It is the same thing in the conduct of public affairs, where they have been managed with rashness or wilfulness, corruption, ignorance, or injustice. Barely to relate the facts, at least while they are fresh in memory, will as much reflect upon the persons concerned, as if we had told their names at length.

I have therefore since thought of another expedient, frequently practised with great safety and success by satirical writers; which is, that of looking into history for some character bearing a resemblance to the person we would describe; and, with the absolute power of altering, adding, or suppressing what circumstances we please, I conceive we must have very bad luck, or very little skill, to fail. However, some days ago in a coffee-house, looking into one of the politic weekly papers, found the writer had fallen into this scheme; and I happened to light on that part where he was describing a person, who, from small beginnings, grew (as I remember) to be constable of France, and had a very haughty imperious wife. t I took the author as a friend to our faction; for so, with great propriety of speech, they call the queen and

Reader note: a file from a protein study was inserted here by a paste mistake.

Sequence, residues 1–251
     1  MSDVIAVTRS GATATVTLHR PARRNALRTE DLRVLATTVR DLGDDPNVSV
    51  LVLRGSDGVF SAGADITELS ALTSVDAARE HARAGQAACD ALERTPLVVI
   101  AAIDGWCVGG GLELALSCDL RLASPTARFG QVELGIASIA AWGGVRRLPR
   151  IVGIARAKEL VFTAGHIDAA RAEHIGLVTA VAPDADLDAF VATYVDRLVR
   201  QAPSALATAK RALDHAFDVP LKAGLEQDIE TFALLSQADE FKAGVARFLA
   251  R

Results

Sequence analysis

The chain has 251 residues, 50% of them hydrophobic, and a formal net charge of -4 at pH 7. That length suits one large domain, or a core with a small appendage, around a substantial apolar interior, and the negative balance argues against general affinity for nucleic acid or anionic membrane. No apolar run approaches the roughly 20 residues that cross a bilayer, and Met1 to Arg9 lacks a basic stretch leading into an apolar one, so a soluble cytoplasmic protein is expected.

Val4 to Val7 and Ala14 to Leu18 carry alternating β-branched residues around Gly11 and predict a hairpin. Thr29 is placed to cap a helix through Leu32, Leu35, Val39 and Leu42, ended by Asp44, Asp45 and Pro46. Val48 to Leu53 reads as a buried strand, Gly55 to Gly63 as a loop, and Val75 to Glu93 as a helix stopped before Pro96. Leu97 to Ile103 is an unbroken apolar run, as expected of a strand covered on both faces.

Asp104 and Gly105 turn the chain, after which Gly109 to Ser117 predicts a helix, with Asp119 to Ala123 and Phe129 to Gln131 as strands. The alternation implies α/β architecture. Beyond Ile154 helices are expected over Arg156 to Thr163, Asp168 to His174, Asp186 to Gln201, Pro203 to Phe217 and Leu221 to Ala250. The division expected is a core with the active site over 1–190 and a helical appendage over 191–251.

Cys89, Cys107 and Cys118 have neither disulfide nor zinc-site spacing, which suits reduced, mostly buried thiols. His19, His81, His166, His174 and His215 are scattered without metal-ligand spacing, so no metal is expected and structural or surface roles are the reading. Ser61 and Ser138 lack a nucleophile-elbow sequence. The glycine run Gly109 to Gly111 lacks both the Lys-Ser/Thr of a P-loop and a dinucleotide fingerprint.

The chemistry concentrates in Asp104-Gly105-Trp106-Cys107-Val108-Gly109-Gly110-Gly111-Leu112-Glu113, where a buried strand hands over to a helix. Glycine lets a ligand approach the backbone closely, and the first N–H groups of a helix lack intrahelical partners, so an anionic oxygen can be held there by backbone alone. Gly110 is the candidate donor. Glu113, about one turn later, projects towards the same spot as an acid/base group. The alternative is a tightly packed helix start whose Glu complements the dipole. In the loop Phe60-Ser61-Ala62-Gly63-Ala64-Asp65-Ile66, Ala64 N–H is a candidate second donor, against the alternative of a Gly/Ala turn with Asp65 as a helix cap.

I

* Horatio Walpole, secretary to the English Embassy at the treaty of Gertruydenberg. Swift, in the Conduct of the Allies, accuses him of misleading the nation, by falsely stating, that the French had willingly acceded to the preliminary articles, and would even have made farther concessions, when he must have known the contrary.

+ In the MEDLEY, No. 6. and No. 7, is an account of the rise and fall of the Marquis D'Ancre, and his wife Galigai, so told as to shadow forth Harley and Mrs Masham, Queen Anne's minister and favourite. Swift insinuates, with justice, that the character of Galigai would better have suited the Duchess of Marlborough.

of

ministry, almost the whole clergy, and nine parts in ten of the kingdom ; and I said to a gentleman near me, that although I knew well enough what persons the author meant, yet there were several particulars in the husband's character, which I could not reconcile ; for that of the lady, it was just and adequate enough. But it seems I mistook the whole matter, and applied all I had read to a couple

persons, who were not at that time in the writer's thoughts.

Now, to avoid such a misfortune as this, I have been for some time consulting Livy and Tacitus, to find out a character of a princeps senatus, a pretor urbanus, a quæstor ærarius, a Cæsari ab epistolis, and a proconsul: but among the worst of them, I cannot discover one from whom to draw a parallel without doing injury to a Roman memory: so that I am compelled to have recourse to Tully. But this author relating facts only as an orator, I thought it would be best to observe his method, and make an extract from six harangues of his against Verres, only still preserving the form of an oration. I remember a younger brother of mine, who deceased about two months ago, presented the world with a speech of Alcibiades against an Athenian brewer. Now I am told for certain, that in